The nurse told us that she had been given the half dose of Oxycontin, about 15 minutes before I came in, and that it would probably take a little longer to have an effect. She would check back. In just a few minutes, the pain subsided, and my mom was calm.  I was so thankful, as I don’t think she could have withstood much more pain at that level.  (She wanted me to tell her roommate that she hardly ever cried.) Bless her heart, I told her to cry whenever she needed to, as it would help to some degree. She then ate one corn dog, and so did I. I also helped her with the huge drink that I had brought with me, and she loved that. Her mouth had been so dry, and they often would forget and push her bedside table too far away for her to reach it, when they were working on something nearby.

She seemed to calm down a lot, and her face looked so much better. I helped her brush her teeth, put on some lotion and Chap-stick, combed her hair, and kept offering her more to drink. She said she loved me, and that I had “saved her life.” (It is a helpless feeling when you have to stand by and watch someone you love suffer.) I was so glad that I had come in when I did, and that she felt better. I told her to keep being vocal about her pain when it was that bad, and that we would continue to try and fight for her original dose of Oxycontin. The nurse said she would leave a request for the nursing home doctor.

I had stopped by my mom’s house earlier to pick up her mail, and sort through her bills, and a sadness seemed to envelop me. I could smell her perfume on her clothes when I walked into the bedroom, and the house seemed so wrong without her in it. I noticed that things were going stale on her cupboard shelves, and figured there were probably plenty of “science projects” now brewing in the fridge as well. I made a mental note to return one day soon to deal with the food problems. I began to cry a little. It just seemed so unfair that my mom had made so much progress through her therapy, and should have been home, instead of unable to move (now with a broken hip), in a nursing home bed again.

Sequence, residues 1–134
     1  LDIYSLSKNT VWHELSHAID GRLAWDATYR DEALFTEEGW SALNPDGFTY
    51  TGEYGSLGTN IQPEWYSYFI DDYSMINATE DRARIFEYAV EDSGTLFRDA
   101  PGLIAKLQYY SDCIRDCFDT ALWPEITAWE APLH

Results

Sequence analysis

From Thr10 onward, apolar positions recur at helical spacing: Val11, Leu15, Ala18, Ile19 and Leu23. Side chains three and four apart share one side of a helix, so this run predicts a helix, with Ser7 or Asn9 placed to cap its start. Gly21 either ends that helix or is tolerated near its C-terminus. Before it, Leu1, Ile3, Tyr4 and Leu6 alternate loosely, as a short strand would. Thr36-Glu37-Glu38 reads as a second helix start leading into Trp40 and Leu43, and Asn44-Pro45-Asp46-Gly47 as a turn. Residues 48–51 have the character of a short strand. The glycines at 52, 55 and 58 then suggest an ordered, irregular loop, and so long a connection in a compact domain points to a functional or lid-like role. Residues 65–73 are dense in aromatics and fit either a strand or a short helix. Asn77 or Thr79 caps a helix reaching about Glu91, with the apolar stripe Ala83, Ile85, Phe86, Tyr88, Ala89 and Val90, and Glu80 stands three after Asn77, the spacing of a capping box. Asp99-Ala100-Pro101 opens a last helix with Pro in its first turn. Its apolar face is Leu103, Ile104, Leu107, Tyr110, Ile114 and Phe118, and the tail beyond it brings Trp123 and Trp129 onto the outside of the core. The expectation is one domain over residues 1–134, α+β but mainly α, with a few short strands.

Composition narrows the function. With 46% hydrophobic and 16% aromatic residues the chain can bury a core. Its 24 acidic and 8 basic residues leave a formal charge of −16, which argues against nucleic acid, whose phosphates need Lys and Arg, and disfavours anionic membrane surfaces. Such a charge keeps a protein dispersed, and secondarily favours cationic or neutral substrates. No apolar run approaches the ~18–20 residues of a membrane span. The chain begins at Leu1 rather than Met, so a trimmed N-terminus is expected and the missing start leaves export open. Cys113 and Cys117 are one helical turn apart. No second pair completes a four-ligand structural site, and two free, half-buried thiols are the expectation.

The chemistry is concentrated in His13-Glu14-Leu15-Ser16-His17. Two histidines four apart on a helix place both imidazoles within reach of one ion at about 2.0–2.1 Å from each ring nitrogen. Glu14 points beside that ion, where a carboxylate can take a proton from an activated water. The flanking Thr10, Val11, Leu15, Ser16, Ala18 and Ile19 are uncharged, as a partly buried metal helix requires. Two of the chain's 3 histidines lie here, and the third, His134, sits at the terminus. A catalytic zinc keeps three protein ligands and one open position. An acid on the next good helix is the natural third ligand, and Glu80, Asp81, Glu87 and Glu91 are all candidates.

I had just had a conversation with her dear neighbor, who had just returned from a visit with her son. She knew about the broken right foot, and the broken left leg, but did not know about the hip. She was so very sad to hear all that had happened while she was gone. I gave her my mom’s number, and told her the best times to visit.

But soon, I pulled myself together and went on my way,  sadly locking her door behind me.

And so it goes…I tried to encourage her by telling her that within a few days, she would probably be able to use a bedside toilet, and at least the bedpan horror  would soon be over. (She hates that part so much, as any of us would.) I do worry about her trying to get up though, but I guess that can’t be helped when the time comes. For now, they still have the alarm on her.

I told her that we were going to get through this together, and that I would be there for her. I reminded her that I was just a phone call away, and to call me any time, and I’d come running.

I felt better (and grateful) as I turned out her light, that at least for now, she was not in pain…